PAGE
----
OER infoKit wiki Open Educational Resources infoKit / Quick start guide
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Quick start guide

Page history last edited by Doug Belshaw 12 years, 10 months ago


This is a brief introduction to the things you'll need to consider. The rest of this Open Educational Resources infoKit has more detailed advice and guidance.



There are many compelling reasons to adopt open educational resources, but what do you hope your organisation will achieve through their use? Who will the resources be for? The approach you take will be based on your answers to these questions.


Almost certainly open educational resources will already be being used within your institution and you may be looking to encourage more widespread use of them. You may also wish to plan and promote the release of open educational resources. While it is not essential to embrace all aspects – release, use, reuse, remixing and repurposing – involvement with one aspect tends to lead naturally to another.



Open educational resources may be of interest to almost anyone in your organisation, from library staff, to learners, through to academics or marketing professionals. No matter who you work with, the key is to build on previous work, tap into staff expertise and capitalise on the enthusiasm that already exists. Getting academics and marketers to align their aims and create open educational resources that work well as both educational tools and publicity material can be both challenging and rewarding.



Adopting open educational resources doesn't need to be a huge undertaking. You can start small and develop from there. It is easier to focus your efforts on new resources than to retrofit openness to resources you already have. If you do wish to adapt pre-existing resources, seek out material that lends itself to being shared openly. An obvious consideration is whether the material is in a suitable digital format.


If you plan to release resources, think about how they will be created, stored, shared and publicised. Issues such as version control, quality assurance and licensing are also important considerations. If you're reusing or repurposing material, you'll need to trace its provenance and ensure the necessary permission is given.


Creating open educational resources

Open educational resources can be small or large, purpose-made or adapted from pre-existing materials, according to your particular requirements. Smaller snippets might be more easily reused or repurposed by others, whereas more elaborate resources could be used in marketing or for direct use by learners. Careful planning and attention to details such as sound quality can make all the difference. Creating resources to meet a clearly defined need for a particular community works better than producing a large quantity of materials institution-wide.


Skills and technical support

While it is more sustainable to empower individual academics and departments to release educational resources themselves, it is wise to provide some centralised technical support.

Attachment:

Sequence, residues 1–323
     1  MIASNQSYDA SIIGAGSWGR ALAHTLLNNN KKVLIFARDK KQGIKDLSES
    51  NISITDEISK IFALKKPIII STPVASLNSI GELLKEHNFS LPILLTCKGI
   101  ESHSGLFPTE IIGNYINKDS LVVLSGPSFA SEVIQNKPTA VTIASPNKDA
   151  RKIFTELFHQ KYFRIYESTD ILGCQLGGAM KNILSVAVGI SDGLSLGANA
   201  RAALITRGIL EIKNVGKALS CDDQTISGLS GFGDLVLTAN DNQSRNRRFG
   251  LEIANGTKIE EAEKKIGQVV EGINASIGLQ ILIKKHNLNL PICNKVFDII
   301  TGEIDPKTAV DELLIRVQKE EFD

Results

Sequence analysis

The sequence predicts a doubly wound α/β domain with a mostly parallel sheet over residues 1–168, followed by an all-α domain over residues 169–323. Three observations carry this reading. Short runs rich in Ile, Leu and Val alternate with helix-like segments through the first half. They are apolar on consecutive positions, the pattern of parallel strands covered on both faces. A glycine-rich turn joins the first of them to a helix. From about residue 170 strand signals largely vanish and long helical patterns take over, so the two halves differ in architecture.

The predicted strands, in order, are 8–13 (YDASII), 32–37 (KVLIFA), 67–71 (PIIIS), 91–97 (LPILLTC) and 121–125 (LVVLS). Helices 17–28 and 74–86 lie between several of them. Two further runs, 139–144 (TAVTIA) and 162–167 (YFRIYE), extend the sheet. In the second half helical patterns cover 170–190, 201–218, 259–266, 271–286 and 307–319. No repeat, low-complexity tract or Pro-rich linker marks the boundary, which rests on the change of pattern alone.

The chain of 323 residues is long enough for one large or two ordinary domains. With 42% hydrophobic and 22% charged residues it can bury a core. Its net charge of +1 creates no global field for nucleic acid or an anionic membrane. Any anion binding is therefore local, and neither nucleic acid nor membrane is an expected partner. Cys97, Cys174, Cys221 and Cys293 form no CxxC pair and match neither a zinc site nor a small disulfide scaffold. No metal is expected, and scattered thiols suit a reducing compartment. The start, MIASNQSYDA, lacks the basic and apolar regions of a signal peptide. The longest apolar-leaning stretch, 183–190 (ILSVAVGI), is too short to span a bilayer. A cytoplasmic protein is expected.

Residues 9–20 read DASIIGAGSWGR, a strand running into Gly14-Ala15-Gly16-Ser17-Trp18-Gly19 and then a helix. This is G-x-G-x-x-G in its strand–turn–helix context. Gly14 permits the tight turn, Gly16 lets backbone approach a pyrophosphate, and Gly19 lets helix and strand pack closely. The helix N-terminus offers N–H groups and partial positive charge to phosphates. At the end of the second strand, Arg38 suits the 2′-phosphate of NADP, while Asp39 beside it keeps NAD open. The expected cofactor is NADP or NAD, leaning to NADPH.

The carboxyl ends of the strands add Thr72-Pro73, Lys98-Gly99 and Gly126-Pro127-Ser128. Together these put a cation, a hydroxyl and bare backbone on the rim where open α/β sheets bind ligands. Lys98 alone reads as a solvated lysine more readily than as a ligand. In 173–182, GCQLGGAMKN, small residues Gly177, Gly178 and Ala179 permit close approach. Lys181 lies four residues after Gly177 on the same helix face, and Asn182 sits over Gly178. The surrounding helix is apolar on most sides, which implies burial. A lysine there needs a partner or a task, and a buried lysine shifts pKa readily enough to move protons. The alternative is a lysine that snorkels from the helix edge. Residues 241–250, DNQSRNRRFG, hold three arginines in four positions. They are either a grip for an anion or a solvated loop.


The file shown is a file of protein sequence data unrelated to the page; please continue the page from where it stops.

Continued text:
Your staff may need to develop new skills to enable them to create effective open educational resources.


Legal issues

The most important legal consideration in this area is the management of intellectual property rights (IPR). Only a copyright owner can give permission for material to be openly licensed. So the provenance, ownership and permission to use material must be established before resources are released under an open licence. Clearing materials for open release can be difficult, particularly when dealing with third-party materials. More on the legal aspects.


Storage and distribution

There are various options when it comes to storing and distributing open educational resources:  you could use your institutional website or a service provided by a wider community, such as Jorum; an institutional repository; or a less formal channel such as a blog. The resources can be placed in a range of places or at a single location which provides information to other websites. Each of these may have an influence on workflow, version control, access and communication. If you plan to release resources, you'll need to make sure they are accessible and easy to find and use. Each resource should include a description along with Creative Commons information. Clear, intelligible access pages for your institutional repository can encourage and ease use. Guidance on data management and technical considerations.


Finding and accessing open educational resources

There are a number of search engines to assist you in finding open educational resources. A range of online services provide access to open educational resources, for example Flickr (images), YouTube (video), Scribd (the written word) and iTunes U (educational materials). There are also more specialist services. UK further and higher education communities share learning and teaching resources via Jorum. The repositories of individual institutions and discipline-specific websites such as Humbox can also be useful for finding specialist resources for a particular subject area.


Tracking use

From the outset, establish how you will track the use of your open educational resources. This will help you measure their impact in the longer term. Bear in mind that because your resources can be passed on and repurposed, monitoring usage is not a straightforward task. Methods range from analysing web statistics to monitoring comments made about the resources. It is even possible to embed information within  material in order to track use and reuse. More information on tracking use.


Going further

This evaluation report from phase 1 of the UK's Open Educational Resources Programme provides further reading on these topics.



Image CC BY-NC Shelley & Dave

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